Are Cicadas Good for My Lawn?
During their lifecycle, cicadas have an overall positive impact on their environment. They naturally prune trees, aerate the soil when digging through the ground, and upon their death, provide nitrogen to growing trees.
Can Cicadas Damage Plants?
Though mostly harmless, cicadas have egg-laying habits that may cause minor damage to plants. Females use an appendage, called an ovipositor, to cut small slits in branches into which they deposit eggs. If a branch has too many slits, it may break off or hang down, a state commonly known as flagging.
How Do I Protect My Trees From Cicadas?
While the damage caused by cicadas is usually not serious, repeated injury during brood years can stunt the growth of or even kill young or newly planted trees. Common methods of protecting your trees include:
- Wrapping tree trunks and large branches in barrier tape, such as foil or sticky bands.
- Covering small trees in plastic mesh or netting with openings smaller than ¼ inch.
We recommend covering plants for about 6-8 weeks, beginning at the time that cicadas emerge. You can always contact your local lawn and tree care company, Blades of Green, to assist with any damage!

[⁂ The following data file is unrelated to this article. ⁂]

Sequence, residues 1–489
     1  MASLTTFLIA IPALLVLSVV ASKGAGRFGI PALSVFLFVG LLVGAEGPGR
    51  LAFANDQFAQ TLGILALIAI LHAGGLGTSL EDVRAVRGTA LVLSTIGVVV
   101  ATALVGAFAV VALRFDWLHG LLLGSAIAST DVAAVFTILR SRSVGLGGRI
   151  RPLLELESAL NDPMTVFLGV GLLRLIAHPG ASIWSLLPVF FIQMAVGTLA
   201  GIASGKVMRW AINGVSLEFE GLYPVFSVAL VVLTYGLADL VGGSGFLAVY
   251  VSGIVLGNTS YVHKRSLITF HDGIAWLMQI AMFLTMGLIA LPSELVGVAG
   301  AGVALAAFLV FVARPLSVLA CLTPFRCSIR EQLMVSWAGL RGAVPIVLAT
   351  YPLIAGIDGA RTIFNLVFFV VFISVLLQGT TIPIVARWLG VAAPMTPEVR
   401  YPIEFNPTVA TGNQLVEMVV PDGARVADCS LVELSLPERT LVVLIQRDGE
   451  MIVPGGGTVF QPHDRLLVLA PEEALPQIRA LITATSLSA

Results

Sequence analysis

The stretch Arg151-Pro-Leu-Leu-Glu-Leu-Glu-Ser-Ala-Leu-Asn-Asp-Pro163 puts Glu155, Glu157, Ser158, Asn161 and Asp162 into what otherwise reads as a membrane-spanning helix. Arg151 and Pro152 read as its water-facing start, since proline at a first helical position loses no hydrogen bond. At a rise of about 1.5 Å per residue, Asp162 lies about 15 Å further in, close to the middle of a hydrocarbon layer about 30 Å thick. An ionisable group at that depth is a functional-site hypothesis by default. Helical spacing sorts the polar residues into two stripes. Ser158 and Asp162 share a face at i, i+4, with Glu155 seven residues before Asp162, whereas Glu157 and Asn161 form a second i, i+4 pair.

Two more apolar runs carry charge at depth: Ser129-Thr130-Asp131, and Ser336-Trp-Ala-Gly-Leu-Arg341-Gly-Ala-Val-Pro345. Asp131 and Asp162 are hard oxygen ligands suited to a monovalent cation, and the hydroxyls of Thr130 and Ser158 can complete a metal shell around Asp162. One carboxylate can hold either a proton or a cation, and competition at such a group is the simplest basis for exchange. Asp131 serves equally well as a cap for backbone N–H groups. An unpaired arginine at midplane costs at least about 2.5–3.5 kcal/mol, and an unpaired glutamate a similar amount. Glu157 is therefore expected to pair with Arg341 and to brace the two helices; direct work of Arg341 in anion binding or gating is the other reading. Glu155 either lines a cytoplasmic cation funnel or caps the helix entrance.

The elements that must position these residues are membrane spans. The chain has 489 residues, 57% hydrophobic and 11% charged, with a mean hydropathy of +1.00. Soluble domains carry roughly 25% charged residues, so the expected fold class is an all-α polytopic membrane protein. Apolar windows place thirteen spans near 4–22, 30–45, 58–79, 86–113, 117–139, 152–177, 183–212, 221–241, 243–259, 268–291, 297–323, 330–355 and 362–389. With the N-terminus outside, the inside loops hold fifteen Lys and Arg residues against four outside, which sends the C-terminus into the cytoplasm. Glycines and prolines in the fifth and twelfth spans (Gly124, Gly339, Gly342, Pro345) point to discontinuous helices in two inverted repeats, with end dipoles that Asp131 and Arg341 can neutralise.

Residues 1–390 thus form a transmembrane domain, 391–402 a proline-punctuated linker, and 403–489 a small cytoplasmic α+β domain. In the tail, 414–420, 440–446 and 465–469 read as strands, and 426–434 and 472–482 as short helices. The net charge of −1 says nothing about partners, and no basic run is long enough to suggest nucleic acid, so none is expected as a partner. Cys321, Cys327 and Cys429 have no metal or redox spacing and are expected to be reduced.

Do Cicadas Bring Other Pests?
The abundance of cicadas may very likely bring unwanted visitors to your yard – in fact you may already be noticing damage caused by these animals trying to dig the cicadas up from the ground for a tasty treat. Cicadas are commonly eaten by birds, bats, spiders, snakes, frogs, and even fish, however, there is one animal that may be a larger concern for homeowners as it relates to the cicadas: Moles. Anytime there is an abundance of a food source, like that of Brood X, there will be an increase in mole activity. Moles in your yard can:
- Destroy the roots of plants
- Give easy access to other rodents on your property
- Damage building foundations
- Create pathways and pools of water